A ministry reshuffle that has strong political undertones
The much speculated reshuffle of the Union Council of Ministers has finally happened! Projected as the large major reshuffle prior to the 2009 polls, the reshuffle was expected to explicitly express the premium that the Prime Minister places on performance and delivery of the parties electoral promises.
After the swearing in ceremony and the announcement of the new portfolios, it is clear that the rejig has an eye on refurbishing the image of the government in terms of critical performance indicators. What are the key political takeaways in terms of who all find a place in the 76 member Council of Ministers and the manner in which responsibilities have been distributed?
Firstly, the first 40+ Council of Ministers headed by Narendra Modi was sworn in 2014 with a promise of being small in terms of government size and large in terms of governance delivery. Over time, its size has reached more or less the numbers of the earlier Council of Ministers, much closer to the cap of 82 prescribed by the Constitution. What is important is that the core decision making body, the Cabinet has been limited to just 28 senior ministers. Nearly, half the ministers (37) are Ministers of State who work under a Cabinet Minster and another 11 Ministers of State have been given independent charge of ministries. The concept of Ministers of State with independent charge has been used by successive Prime Ministers to put in place competent individuals to head ministries even though they may not have the required political seniority. Three retired bureaucrats/diplomats who have been brought into the Ministry have been made Ministers of State with independent charge. This balancing represents a shrewd act of political management by the political leadership.
Secondly, the four ministers rewarded with a promotion to Cabinet rank have clearly been recognized for their track record of performance. Two of them (Nirmala Siataraman, Piyush Goel) see a meteoric rise at least in terms of the weight of the portfolio assigned to them. Dharmendra Pradhan retains his earlier portfolio and has been given additional charge of Skill Development, a key Department in the Prime Minster's change mantra. Mukhtar Abbas Naqvi is the only Muslim face in the Cabinet, a slot that was vacant after Najma Heptulla had resigned. Naqvi has been elevated to the Cabinet without any change in his portfolio of Minority Affairs. The reshuffle of the portfolios of the other Cabinet Ministers is once again a reflection on past performance and expected results in the coming months.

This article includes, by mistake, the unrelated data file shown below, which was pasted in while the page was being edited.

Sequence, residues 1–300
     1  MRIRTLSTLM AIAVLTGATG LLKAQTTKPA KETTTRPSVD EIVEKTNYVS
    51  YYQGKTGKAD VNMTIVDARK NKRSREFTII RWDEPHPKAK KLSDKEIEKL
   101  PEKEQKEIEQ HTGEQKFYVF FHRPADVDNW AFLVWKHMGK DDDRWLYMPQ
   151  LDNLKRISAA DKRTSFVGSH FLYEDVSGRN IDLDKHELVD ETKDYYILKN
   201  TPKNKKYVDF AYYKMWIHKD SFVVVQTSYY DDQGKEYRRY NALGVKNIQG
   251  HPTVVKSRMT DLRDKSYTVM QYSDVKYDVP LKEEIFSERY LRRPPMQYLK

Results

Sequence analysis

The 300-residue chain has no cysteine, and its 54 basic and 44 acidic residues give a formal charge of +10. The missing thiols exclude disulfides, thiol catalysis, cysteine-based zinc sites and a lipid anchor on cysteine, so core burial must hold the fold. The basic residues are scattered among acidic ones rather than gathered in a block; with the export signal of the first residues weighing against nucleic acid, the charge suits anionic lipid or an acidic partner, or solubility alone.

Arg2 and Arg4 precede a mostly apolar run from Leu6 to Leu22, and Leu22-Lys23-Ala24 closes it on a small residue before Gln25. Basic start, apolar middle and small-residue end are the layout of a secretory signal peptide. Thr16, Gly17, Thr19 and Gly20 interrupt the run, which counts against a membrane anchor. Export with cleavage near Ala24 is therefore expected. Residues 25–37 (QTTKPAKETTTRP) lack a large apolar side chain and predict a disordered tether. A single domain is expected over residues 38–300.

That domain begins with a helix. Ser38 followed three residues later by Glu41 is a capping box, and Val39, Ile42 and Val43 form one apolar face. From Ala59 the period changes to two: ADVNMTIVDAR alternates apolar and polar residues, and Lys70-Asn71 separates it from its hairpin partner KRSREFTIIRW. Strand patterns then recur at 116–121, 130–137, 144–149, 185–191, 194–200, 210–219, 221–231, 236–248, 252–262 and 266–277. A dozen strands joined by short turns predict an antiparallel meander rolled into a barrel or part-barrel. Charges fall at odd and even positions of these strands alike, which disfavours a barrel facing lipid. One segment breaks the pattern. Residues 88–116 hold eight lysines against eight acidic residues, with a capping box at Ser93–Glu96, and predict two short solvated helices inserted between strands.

Gadkari, who has handled Surface Transport with finesse has been given additional charge of Water Resources and more specifically Ganga Rejuvenation - a key project of the Prime Minister, linked to his constituency and with critical political implications. Smriti Irani will hold full charge of Information and Broadcasting along with Textiles and not merely as an additional responsibility. Suresh Prabhu and Uma Bharati have less prized portfolios as compared to what they handled earlier and this too sends an important political message to not merely the general public but the other Members of the Cabinet. Many would still wonder why no Minister (other than Kalraj Mishra and that too on grounds of crossing the age of 75) was dropped from the Cabinet for non-performance. Another interesting trend is this contradiction between the ranking of Ministers in the Cabinet and the
portfolios allotted to them. While those in the first four slots ( Rajnath Singh, Sushma Swaraj, Arun Jaitley and Nitin Gadkari) manage portfolios which do justice to their ranking, one sees the other senior ministers having very minor portfolios. It is also interesting that portfolios like Defence, Human Resources Development and Railways are handled by Ministers who are among the junior most in the 28 member Cabinet. This could be defended as shrewd balancing of political calculations with efficiency requirements, it does create a lopsided seniority in the Cabinet.
Thirdly, the former bureaucrats/diplomats included in the Council of Ministers have been assigned key portfolios as Ministers of state with independent charge. The Ministries of Power, Urban Affairs and Tourism will be handled by them and these are key sectors to the Prime Minister being able to move closer to the promises made to the electorate in the 2014 elections by the time he returns for a fresh mandate. One recalls his speech when accepting the leadership of the BJP Parliamentary Party after the elections, when he appealed to all to assess his government's record after five years in office and not before! Whether these three new Ministers with a track record of administrative experience can deliver in their new political roles will be closely watched.
Finally, beyond a shadow of doubt, this entire exercise has the clear stamp of the authority of the Prime Minister. While many of the politically sensitive steps of seeking the resignation of the outgoing ministers was left to the Party President to handle, this reminds one of the style of the 1970s and 80s which Indira Gandhi followed whenever there was a reshuffle of her Council. New entrants were informed by her and those being shown the door were communicated the same by her key aides.
Politics of course come full circle! Possibly it is about the style of a ruling party and the trappings of power.
(Dr Sandeep Shastri is a leading political scientist and Pro Vice Chancellor, Jain University)